The road, when you find it, isn't a road at first, just some barely visible ruts in the mud. You know to expect this, but something compels you take the instructions out of your pack and read the words written there to reassure yourself one more time.

As you fold up the paper, the wind picks up and tears it from your hands.

You watch it blow away, wondering if someone else will find it and follow what's written there should you fail.

You've left no words to guide them.

Bring a pen, you think you might have written.

You use your first bullet around the time the road becomes gravel. It's one of the slow, shuffling dead you take out with a shot right between its eyes, a shot you take more out of mercy than any real sense of danger.

Later, you regret wasting the ammunition.

The next thing in your way is seven feet tall, all claws and teeth, but with no better sense of stealth.

You have a few more encounters as the gravel becomes pavement, as you finish the last of the food you brought, and as the paved road becomes a highway, first four lanes, then six, and you start to see the shells of long-abandoned ruins by the sides of the road.

Mostly you walk, sometimes you run, sometimes you shoot. Here a pale thing in the form of a woman but with no eyes and a mouthful of fangs, there a leather-winged monstrosity. You suspect your aim has more to do with the magics used to forge your weapon than skill or practice, but you don't mind as long as it keeps you alive.

You know to note the Amoco and then avoid it—it was there on the paper, DEATH written beside it in capital letters, underlined three times in red—but the sign's faded and what's left of the boarded-up building looks just every other boarded-up building until you're right up against it. You stumble into it and the nest of blocksuckers living inside entirely by accident trying to run from the denizens of the other nest living the burnt remains of the grocery across the street.

You're relieved when most of them fall on each other instead of you.

You shoot and then you shoot again and then you run. There are words pounding in your ears, or maybe that's just blood.

You make a left, keep running, run until you reach the train station with a blessing carved above the doorway meaning none of the things you've encountered can follow you inside. You make a right, then take the stairs to the platform.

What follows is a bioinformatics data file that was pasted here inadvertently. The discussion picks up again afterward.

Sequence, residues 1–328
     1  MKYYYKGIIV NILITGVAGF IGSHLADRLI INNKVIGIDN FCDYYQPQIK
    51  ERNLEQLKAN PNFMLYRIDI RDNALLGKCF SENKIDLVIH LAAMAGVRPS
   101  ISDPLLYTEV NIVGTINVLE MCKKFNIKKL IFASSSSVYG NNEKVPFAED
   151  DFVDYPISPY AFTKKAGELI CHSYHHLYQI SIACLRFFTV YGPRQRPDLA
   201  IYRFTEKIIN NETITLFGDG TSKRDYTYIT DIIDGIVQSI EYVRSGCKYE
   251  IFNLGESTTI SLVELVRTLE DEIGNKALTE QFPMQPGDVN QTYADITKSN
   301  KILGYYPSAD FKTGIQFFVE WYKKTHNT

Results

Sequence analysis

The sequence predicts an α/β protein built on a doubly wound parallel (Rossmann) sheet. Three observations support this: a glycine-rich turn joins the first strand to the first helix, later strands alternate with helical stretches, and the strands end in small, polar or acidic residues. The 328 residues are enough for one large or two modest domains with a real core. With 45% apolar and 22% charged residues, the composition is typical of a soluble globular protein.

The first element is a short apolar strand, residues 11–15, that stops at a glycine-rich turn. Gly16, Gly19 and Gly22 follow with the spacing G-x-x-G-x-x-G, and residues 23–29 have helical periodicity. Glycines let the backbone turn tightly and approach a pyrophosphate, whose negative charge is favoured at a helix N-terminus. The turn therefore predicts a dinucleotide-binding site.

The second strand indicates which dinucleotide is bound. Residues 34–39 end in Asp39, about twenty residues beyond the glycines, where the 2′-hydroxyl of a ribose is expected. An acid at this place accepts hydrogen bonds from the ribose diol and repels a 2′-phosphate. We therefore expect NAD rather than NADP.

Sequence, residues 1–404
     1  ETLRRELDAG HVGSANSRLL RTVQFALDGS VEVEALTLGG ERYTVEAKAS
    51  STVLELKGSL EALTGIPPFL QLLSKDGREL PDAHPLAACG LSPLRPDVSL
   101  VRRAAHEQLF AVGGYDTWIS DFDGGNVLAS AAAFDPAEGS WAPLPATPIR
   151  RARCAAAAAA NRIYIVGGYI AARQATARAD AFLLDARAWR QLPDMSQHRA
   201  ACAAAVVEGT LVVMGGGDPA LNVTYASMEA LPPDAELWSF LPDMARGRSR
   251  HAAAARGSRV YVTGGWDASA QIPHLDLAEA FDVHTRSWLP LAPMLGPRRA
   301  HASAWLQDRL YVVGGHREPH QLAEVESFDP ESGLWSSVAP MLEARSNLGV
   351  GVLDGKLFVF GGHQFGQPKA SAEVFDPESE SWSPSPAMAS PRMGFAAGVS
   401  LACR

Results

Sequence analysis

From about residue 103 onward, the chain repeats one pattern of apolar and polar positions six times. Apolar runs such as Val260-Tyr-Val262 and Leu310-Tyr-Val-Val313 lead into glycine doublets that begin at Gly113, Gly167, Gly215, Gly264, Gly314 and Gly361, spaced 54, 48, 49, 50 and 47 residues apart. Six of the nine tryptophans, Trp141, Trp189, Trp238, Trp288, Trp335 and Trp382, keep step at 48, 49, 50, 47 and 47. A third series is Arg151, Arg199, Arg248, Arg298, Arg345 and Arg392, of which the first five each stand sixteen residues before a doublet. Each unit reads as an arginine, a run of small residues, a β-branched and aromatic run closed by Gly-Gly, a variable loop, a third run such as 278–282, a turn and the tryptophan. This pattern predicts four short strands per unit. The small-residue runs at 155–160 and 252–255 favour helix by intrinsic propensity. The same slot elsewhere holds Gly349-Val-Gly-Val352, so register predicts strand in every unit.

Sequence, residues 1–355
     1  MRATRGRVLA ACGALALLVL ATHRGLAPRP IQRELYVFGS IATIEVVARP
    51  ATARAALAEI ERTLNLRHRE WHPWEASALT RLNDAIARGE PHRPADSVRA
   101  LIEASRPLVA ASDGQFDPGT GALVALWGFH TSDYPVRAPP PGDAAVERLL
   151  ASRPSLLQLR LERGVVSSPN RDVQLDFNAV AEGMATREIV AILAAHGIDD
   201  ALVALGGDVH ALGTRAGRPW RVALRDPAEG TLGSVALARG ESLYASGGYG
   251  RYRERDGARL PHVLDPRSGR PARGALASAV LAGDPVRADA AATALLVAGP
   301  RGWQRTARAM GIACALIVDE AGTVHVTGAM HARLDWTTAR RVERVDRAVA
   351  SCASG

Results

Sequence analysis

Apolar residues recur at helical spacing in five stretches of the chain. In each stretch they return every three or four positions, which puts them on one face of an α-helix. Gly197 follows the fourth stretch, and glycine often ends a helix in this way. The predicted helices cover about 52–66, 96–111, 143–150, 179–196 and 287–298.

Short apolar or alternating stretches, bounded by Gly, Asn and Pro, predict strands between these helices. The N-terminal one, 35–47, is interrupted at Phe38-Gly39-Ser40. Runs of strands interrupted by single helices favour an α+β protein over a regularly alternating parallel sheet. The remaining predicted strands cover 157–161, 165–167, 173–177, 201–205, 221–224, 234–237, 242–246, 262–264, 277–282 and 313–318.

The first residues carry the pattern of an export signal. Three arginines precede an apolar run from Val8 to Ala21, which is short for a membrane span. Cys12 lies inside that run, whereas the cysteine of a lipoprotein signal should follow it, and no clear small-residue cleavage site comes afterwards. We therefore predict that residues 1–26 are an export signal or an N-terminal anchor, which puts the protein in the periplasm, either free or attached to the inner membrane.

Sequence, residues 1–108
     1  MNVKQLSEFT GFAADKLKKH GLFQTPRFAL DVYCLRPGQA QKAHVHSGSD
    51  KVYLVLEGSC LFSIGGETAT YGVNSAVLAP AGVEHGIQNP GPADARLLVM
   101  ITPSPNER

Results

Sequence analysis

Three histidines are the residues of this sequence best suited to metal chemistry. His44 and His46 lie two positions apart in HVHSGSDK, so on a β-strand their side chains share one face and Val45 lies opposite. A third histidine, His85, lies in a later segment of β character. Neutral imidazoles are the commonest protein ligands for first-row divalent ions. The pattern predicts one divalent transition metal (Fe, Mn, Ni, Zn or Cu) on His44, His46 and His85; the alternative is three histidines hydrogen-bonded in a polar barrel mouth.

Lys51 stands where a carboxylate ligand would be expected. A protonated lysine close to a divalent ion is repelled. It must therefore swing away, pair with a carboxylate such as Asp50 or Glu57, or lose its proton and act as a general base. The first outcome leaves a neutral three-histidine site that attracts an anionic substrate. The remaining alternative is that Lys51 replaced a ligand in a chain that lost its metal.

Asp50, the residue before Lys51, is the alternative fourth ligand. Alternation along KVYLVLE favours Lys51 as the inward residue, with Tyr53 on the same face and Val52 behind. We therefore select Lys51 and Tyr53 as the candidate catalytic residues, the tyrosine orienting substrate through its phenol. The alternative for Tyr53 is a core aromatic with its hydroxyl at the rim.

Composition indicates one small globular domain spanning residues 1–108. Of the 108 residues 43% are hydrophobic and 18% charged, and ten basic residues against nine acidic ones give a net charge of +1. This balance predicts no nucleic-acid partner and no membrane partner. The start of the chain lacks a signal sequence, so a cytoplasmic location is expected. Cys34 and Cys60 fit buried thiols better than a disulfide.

There you stop for the first time to examine your weapon. There's a single cartridge left in the chamber. You eject and pocket it, then leave the gun on the side of the platform. You won't need it where you're going.

While you wait, you drink the last drops from your canteen and leave that, too.

You already know not to get on the first train, but it turns out to be not an easy mistake to make. When it comes, it's headed in the wrong direction, carrying its passengers or cargo toward the deep west and whatever lies beyond. Its windows are approach black.

The second train is yours. You step through the door of the third car when it opens, approach the cloaked figure you recognize as the conductor, look it directly in the glowing points of red light you see shining out from the shadows where its face should be. You put your final cartridge in its white-gloved, outstretched hand. Silver to pay the ferryman.

As you take your seat, the train begins to move.

You want to stay alert, but it's been miles since you slept, and you drift off without even realizing it.

In your dream, you're drowning. The water is dark and deep. The water is the words pressing up against your mind until they finally burst through the dam of your consciousness. The water is in your mouth and in your lungs and it's dragging you down, down deeper, until suddenly, you reverse direction and you're floating up, up, up towards the light.

And then you wake.

You pull back the curtain, look out the window. Outside, you see only the dark.

You get up to explore. You use the tiny restroom at the end of the car, wash up, change out of your travel-stained clothes into the outfit you've picked to wear for this part of your journey. You throw the rest away before you leave.

The girl is seated by the window in the third car up. You've read to expect her, too, though some of the text in the margins seems confused on this point. Someone met a man instead. Someone met a being who was both or neither, and seemed to be a god.

Whatever she is, for you she's the most beautiful woman you've ever seen, and when she flashes you a gold smile, you know she's the one you're meant to encounter.